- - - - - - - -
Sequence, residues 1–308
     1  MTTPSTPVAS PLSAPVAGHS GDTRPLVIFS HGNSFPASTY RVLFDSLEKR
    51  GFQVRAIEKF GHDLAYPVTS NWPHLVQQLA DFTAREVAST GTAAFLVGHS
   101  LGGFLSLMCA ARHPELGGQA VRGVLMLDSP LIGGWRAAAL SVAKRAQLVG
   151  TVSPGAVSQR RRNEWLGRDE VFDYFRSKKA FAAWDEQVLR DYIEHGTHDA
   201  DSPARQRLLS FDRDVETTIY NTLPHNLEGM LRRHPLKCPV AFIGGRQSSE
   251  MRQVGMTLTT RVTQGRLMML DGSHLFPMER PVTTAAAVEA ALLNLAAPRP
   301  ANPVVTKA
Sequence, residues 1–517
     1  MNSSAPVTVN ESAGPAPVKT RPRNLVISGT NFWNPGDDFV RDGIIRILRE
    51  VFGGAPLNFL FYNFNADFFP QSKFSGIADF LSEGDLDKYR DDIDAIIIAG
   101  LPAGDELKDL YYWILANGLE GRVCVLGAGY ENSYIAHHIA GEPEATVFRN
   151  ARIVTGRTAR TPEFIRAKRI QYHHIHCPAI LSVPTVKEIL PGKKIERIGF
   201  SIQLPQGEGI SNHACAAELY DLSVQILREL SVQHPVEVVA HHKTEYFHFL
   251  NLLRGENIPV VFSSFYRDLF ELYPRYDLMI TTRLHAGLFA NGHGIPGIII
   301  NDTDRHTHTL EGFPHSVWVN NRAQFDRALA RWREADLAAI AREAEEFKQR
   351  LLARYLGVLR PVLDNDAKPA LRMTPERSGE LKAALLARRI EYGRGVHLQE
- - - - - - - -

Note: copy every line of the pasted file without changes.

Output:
Sequence, residues 1–308
     1  MTTPSTPVAS PLSAPVAGHS GDTRPLVIFS HGNSFPASTY RVLFDSLEKR
    51  GFQVRAIEKF GHDLAYPVTS NWPHLVQQLA DFTAREVAST GTAAFLVGHS
   101  LGGFLSLMCA ARHPELGGQA VRGVLMLDSP LIGGWRAAAL SVAKRAQLVG
   151  TVSPGAVSQR RRNEWLGRDE VFDYFRSKKA FAAWDEQVLR DYIEHGTHDA
   201  DSPARQRLLS FDRDVETTIY NTLPHNLEGM LRRHPLKCPV AFIGGRQSSE
   251  MRQVGMTLTT RVTQGRLMML DGSHLFPMER PVTTAAAVEA ALLNLAAPRP
   301  ANPVVTKA
Sequence, residues 1–517
     1  MNSSAPVTVN ESAGPAPVKT RPRNLVISGT NFWNPGDDFV RDGIIRILRE
    51  VFGGAPLNFL FYNFNADFFP QSKFSGIADF LSEGDLDKYR DDIDAIIIAG
   101  LPAGDELKDL YYWILANGLE GRVCVLGAGY ENSYIAHHIA GEPEATVFRN
   151  ARIVTGRTAR TPEFIRAKRI QYHHIHCPAI LSVPTVKEIL PGKKIERIGF
   201  SIQLPQGEGI SNHACAAELY DLSVQILREL SVQHPVEVVA HHKTEYFHFL
   251  NLLRGENIPV VFSSFYRDLF ELYPRYDLMI TTRLHAGLFA NGHGIPGIII
   301  NDTDRHTHTL EGFPHSVWVN NRAQFDRALA RWREADLAAI AREAEEFKQR
   351  LLARYLGVLR PVLDNDAKPA LRMTPERSGE LKAALLARRI EYGRGVHLQE